Cindy34 I think it's the abolition of the Percentage Threshold Scheme. Don't know what the Statutory Funding scheme is, haven't come across that yet?

nexusseven Thu 27-Feb-14 18:28:45

Cindy34 Sorry posts just crossed in the ether. And maybe some people will still be prepared to take on the risk of hiring a nanny, and I'm sure businesses will still start. But more will fold, and I imagine it won't help the employment prospects of the older or disabled worker or anyone else who might be perceived to be at greater risk of needing time off....

Had this been the situation when I was assessing childcare options there's no way I would have employed a nanny. My nanny has just been told she needs major surgery with 3 months recuperation. Although I only employ her two days a week, and share with another family to bring the cost down, both I and the other family will be liable for SSP almost equal to what we pay in salary.

A change in the law with unavoidable financial consequences? Sounds like a tax to me onesleeptillwembley....

Paintyfingers Thu 27-Feb-14 19:37:47

Message withdrawn at poster's request.

nexusseven Thu 27-Feb-14 19:42:14

Thanks for the thought Paintyfingers - but not sure what insurance you mean? In the future it's possible that products might be developed as Cindy34 suggests. However as my nanny has already told us she needs treatment no insurance company would ever cover that.....

NomDeClavier Thu 27-Feb-14 22:33:24

Small businesses will get the £2k creating a new job hand out that, surprise surprise, nannies don't count as employees for. Double whammy for nanny employers.

morethanpotatoprints Thu 27-Feb-14 22:42:49

Sorry to be a bit dumb here but shouldn't an employer pay sick pay?
If you employ somebody aren't you already responsible for this and PAYE/tax/NI?
Who do you want to pay your nannies sick pay?

Quangle Thu 27-Feb-14 22:46:20

the point is very small employers must pay ssp but can currently claim back ssp from govt and will no longer be able to. That's scary. How on earth has this crept through without any notice?

ceeveebee Thu 27-Feb-14 22:55:27

Thank you for bringing this to my attention - I hadn't heard about this. I have emailed our payroll agency to see if they have any advice - will probably get an insurance policy to try to cover this.

nannynick Thu 27-Feb-14 23:02:54

I wonder if this will mean employers rethink salaries. They may need to put some money aside for covering the cost should it be needed. Their own form of insurance.

Wonder if any insurer would create a scheme. Personal accident cover exists but does not cover for illness.

ceeveebee Thu 27-Feb-14 23:15:03

You can get permanent health insurance which will pay 50% of salary. But not sure if you can get a policy to cover just 1 employee (think most 'corporate' schemes require at least 2 employees). Hopefully insurance companies will see an opportunity to develop a new product if one doesn't already exist.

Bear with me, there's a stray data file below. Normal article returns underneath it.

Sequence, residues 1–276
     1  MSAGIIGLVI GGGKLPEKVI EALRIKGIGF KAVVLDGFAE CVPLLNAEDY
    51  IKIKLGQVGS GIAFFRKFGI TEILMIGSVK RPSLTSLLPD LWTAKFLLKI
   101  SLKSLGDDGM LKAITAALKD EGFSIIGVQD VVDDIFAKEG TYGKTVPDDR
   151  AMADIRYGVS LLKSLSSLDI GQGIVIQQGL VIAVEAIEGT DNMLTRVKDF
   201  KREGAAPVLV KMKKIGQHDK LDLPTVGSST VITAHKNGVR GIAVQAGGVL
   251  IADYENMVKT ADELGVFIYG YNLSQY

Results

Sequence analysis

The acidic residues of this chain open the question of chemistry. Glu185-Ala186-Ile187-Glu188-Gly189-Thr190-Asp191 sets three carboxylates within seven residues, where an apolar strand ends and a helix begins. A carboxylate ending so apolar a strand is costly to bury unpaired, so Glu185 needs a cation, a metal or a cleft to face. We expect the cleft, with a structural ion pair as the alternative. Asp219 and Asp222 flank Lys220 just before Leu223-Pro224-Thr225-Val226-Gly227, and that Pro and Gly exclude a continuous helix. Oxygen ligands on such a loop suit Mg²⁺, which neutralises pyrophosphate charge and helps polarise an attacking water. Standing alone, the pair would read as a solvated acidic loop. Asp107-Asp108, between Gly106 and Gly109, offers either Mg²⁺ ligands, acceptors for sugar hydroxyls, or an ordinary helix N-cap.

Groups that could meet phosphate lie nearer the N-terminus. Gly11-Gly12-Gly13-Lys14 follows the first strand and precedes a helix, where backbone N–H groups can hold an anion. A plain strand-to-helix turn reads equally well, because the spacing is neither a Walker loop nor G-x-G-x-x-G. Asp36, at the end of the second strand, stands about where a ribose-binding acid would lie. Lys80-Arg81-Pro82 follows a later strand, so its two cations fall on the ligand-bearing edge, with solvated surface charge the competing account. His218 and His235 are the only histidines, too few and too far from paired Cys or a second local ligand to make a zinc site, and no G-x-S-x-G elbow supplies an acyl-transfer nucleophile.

Cindy34 Thu 27-Feb-14 23:27:31

Is SSP taxable? So does employee pay income tax on it?

Permanent Health Insurance I believe would be taxable, if it came from insurer to employer to employee, or from insurer to employee.

ReallyTired Thu 27-Feb-14 23:35:13

Would it be possible to have the nanny employed by an unbrella company in a similar to to computer contractors (Ie. the nanny technically employed by the payroll agency). I think this law is a whole can of worms generally.

Cindy34 Thu 27-Feb-14 23:46:42

ReallyTired, no that did happen many years back or maybe I am thinking of the nanny running their own company... the loop hole was closed, I think as part of IR35 legislation.

In the nursery sector, temp nursery staff can be an employee of the agency but they rarely work for any client (nursery) for more than a week, often it is just a day.

nexusseven Fri 28-Feb-14 07:16:18

Ceeveebee would be interested to hear what they say. I am also livid with my payroll agency for not alerting me to this when it was announced (Budget 13). If they are not there to provide advice on payroll issues then what exactly am I paying for? Someone to press a button on some payroll software...?

Nearly a year later and they still haven't done anything proactive as far as I can see: clueless.

NomDeClavier Fri 28-Feb-14 07:18:50

ReallyTired it is possible, there are three companies who do this, one a large nursery chain that offers a hybrid service.

NomDeClavier Fri 28-Feb-14 07:19:51

Oh and I believe one leading payroll agent at least has made representations to the Govt on this, but presumably not got anywhere.